A Chinese online pharmacy advertising itself as a seller of “high purity, real pure” fentanyl responds right away to potential customers. “Which products do you want to buy,” a salesperson replied within a minute to an inquiry in English on WhatsApp, the encrypted messaging service. When contacted from a U.S. telephone number and asked about the availability of fentanyl, the seller said, “I don’t sell any more,” reports the New York Times. Until recently, much of the illicit fentanyl that found its way to the U.S. was easily ordered online from a source in China and seamlessly shipped by international delivery companies, including the U.S. Postal Service. Fentanyl sourced from China accounted for 97 percent of the drug seized from international mail services by U.S. law enforcement in both the 2016 and 2017 fiscal years, according to the Drug Enforcement Administration.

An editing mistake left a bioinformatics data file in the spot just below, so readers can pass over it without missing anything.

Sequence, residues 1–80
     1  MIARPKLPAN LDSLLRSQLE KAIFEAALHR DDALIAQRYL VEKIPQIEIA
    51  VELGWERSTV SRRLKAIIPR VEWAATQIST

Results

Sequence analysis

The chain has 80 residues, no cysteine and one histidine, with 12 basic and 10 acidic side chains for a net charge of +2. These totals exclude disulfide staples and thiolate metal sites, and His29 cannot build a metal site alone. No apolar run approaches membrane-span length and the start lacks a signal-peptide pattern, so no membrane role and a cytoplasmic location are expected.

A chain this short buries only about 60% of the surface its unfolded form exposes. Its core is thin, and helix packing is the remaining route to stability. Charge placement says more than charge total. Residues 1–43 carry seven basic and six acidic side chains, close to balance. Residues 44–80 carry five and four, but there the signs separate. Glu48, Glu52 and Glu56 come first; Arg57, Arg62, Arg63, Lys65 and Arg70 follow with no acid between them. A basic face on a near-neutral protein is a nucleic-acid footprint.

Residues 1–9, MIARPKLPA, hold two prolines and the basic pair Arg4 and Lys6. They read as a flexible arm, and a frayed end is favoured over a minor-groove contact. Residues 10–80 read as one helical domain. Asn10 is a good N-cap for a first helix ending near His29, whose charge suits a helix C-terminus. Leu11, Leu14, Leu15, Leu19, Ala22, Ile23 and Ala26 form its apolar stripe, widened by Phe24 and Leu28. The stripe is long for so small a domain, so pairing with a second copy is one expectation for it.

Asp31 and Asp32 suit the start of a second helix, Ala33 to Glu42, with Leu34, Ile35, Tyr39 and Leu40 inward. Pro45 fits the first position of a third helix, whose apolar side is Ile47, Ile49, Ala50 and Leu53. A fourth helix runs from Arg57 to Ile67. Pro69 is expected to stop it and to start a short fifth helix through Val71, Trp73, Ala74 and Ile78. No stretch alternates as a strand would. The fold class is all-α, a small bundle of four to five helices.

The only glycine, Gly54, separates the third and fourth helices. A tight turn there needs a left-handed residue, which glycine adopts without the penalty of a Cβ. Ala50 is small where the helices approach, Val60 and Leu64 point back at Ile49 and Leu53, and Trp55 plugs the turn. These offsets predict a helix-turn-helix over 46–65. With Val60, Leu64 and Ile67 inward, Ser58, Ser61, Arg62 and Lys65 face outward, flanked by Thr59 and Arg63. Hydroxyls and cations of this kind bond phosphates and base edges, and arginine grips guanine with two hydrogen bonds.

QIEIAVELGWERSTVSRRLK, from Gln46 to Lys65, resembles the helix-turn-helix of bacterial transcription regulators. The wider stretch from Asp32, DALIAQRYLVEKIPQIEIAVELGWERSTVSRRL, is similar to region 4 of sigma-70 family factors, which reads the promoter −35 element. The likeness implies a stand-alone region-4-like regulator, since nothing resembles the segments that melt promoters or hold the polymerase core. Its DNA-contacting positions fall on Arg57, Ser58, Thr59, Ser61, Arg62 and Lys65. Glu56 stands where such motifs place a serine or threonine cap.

China’s government is taking steps to stop the flood, as leader Xi Jinping promised President Donald Trump he would. After two leaders met in Buenos Aires at the Group of 20 summit last year, the White House said, “President Xi, in a wonderful humanitarian gesture, has agreed to designate fentanyl as a controlled substance.” As a result, the large, freewheeling and mostly unregulated fentanyl industry that had operated in a gray area of Chinese law appears to have stopped selling the drug for export, at least as openly as hundreds of suppliers once did. Some distributors, who still can be easily found in online searches, claimed to be complying with the new rules banning the overseas sale of synthetic opioids. Others appear to have shut down operations. China’s new focus on shutting down the trade has meant shipments of fentanyl to the U.S. have declined significantly in the last year, say data from the U.S. Customs and Border Protection agency.